Over at Blue Mass Group, the cool kids are talking about Martha Coakley’s campaign finances, specifically the Boston Globe story which shows that she violated a whole slew of Campagin Finance Regulations. Doug Rubin, Coakley’s strategist, acknowledges that rules were broken but blames it all on oversights and technological issues. Here’s Rubin’s explination, from the comment section of BMG:
Thanks for the chance to respond…(5+ / 1-) View voters
I understand that there will be questions about the Globe story, and I appreciate the chance to respond to them here on BMG.
Martha Coakley, like many former federal candidates, has maintained a federal account after her election was over. That account allows her to make federal expenditures and support the federal activities of the Democratic Party and other federal candidates. For example, Martha was pleased to offer financial support to Congressman Ed Markey during the special election for the United States Senate this year. After the Senate race in 2010, the campaign committee made the decision to keep the federal account open to support other federal candidates and keep other options open.
At some point after the end of the Senate election, the FEC began sending notices about the Coakley federal account to an invalid email address. The Committee was not aware of the issues with the reports because they did not receive the email notices. Once we were made aware of the issues, the campaign moved immediately to contact the FEC and address the issues. We are working to fix the problems and file amended reports to the FEC.
Upon reviewing the expenditures from the federal committee, it appears that a $1,200 ad placed in the state convention was incorrectly paid for from that account instead of her state account. We regret the error and will reimburse the funds. The Coakley Committee is working with the FEC to file amended reports, and once that is complete will be taking steps to close the federal account by the end of the year.
(Full Disclosure – I am working for the Coakley campaign for Governor.)
Rubin basically admits every point the Globe Makes, but tries to downplay the significance. The good folks at BMG aren’t quite buying the explination. For example, this from BlueWatch, a sometimes contributor of alternative views here at RMG.
Sorry, Doug(3+ / 0-) View voters
I don’t buy this explanation. .
I gave the maximum to Martha Coakley’s federal account. I gave my money to help her win her senate election. She’s used part of my money to give money to her sister and advance her ambition to become governor. I didn’t donate to her for that reason.
So, Doug, can I get a refund? Since Martha Coakley is using her federal campaign account inappropriately, will she give refunds to any donor who requests it?
bluewatch @ Mon 4 Nov 4:42 PM
Meanwhile the MassGOP is calling for an independent counsel investigation, since of course the Attorney General can’t investigate herself.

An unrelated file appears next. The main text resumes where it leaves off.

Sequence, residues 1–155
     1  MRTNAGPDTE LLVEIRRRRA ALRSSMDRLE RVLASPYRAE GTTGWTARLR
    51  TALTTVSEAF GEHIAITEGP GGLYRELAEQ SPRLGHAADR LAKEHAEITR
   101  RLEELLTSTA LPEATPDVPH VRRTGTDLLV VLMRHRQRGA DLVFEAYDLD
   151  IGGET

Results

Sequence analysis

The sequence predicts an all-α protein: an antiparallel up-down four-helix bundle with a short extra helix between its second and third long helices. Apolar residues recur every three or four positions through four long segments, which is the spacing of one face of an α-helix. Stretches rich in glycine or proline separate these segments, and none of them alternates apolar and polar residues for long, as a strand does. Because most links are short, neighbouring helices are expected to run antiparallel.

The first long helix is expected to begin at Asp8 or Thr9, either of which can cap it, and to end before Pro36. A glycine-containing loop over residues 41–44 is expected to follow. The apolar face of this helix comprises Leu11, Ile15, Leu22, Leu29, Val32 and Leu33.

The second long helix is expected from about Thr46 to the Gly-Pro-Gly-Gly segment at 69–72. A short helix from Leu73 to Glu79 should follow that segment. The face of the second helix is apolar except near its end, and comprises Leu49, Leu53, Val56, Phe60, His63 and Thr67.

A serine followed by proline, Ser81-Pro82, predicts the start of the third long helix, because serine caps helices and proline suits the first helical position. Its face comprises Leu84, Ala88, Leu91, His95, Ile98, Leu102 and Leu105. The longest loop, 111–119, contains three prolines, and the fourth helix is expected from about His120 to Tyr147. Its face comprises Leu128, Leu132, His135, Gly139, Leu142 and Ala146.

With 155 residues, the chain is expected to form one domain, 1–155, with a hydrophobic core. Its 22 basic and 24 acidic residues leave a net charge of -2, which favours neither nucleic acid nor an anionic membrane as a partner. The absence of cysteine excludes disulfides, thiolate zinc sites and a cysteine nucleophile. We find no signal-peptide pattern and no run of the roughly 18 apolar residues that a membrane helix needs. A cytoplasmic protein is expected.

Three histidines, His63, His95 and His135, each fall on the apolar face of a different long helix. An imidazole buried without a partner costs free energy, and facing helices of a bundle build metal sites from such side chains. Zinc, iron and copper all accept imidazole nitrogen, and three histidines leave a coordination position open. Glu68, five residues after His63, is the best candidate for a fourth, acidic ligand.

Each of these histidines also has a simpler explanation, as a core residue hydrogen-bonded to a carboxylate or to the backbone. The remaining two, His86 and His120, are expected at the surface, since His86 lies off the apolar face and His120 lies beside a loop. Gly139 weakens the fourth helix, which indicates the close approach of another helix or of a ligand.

Chairman Hughes remarks, as prepared for delivery are after the jump.
Thank you all for coming today.
The Boston Globe reported yesterday that Martha Coakley may have violated multiple campaign finance laws aimed at keeping politicians honest.
No one is above the law, especially those in law enforcement and especially the Attorney General – the state’s top law enforcement officer.
These are serious allegations – not simply accounting errors – and suggest violations of both state and federal law that need to be fully and independently investigated.
The citizens of MA deserve to hear directly from the AG on this matter, and deserve a detailed release of information to support the statements her spokesman made to the Boston Globe.
Yesterday’s report alleges that not only are Coakley’s finances a mess – a troubling sign for someone looking to become governor and manage the state’s finances – but that laws were broken.
Specifically, it appears Coakley has sought to use funds from her federal account to benefit her campaign for state office.
The MassGOP will file complaints with the FEC and with the Office of Campaign and Political Finance in efforts to bring the truth to light.
Because the Attorney General is supposed to be the chief enforcer of campaign finance laws, an independent third party is needed to conduct an investigation of these very serious allegations.
She cannot be trusted to investigate herself. That much is clear.
Coakley should speak with reporters today to clear up these serious allegations. The state’s top cop should not hide behind a spokesman.
Coakley should turn over the details of the contract and the work product for the $35,000 fundraising database project funded by her federal campaign account. There is no other way to know whether that work benefited her campaign for state office.
Let me reiterate – this report is alarming – and calls into question not only her fitness for the office of governor but also her ability to carry out her duties as Attorney General.
Coakley needs to address these issues publicly today and turn over the details of the questionable expenditures as well.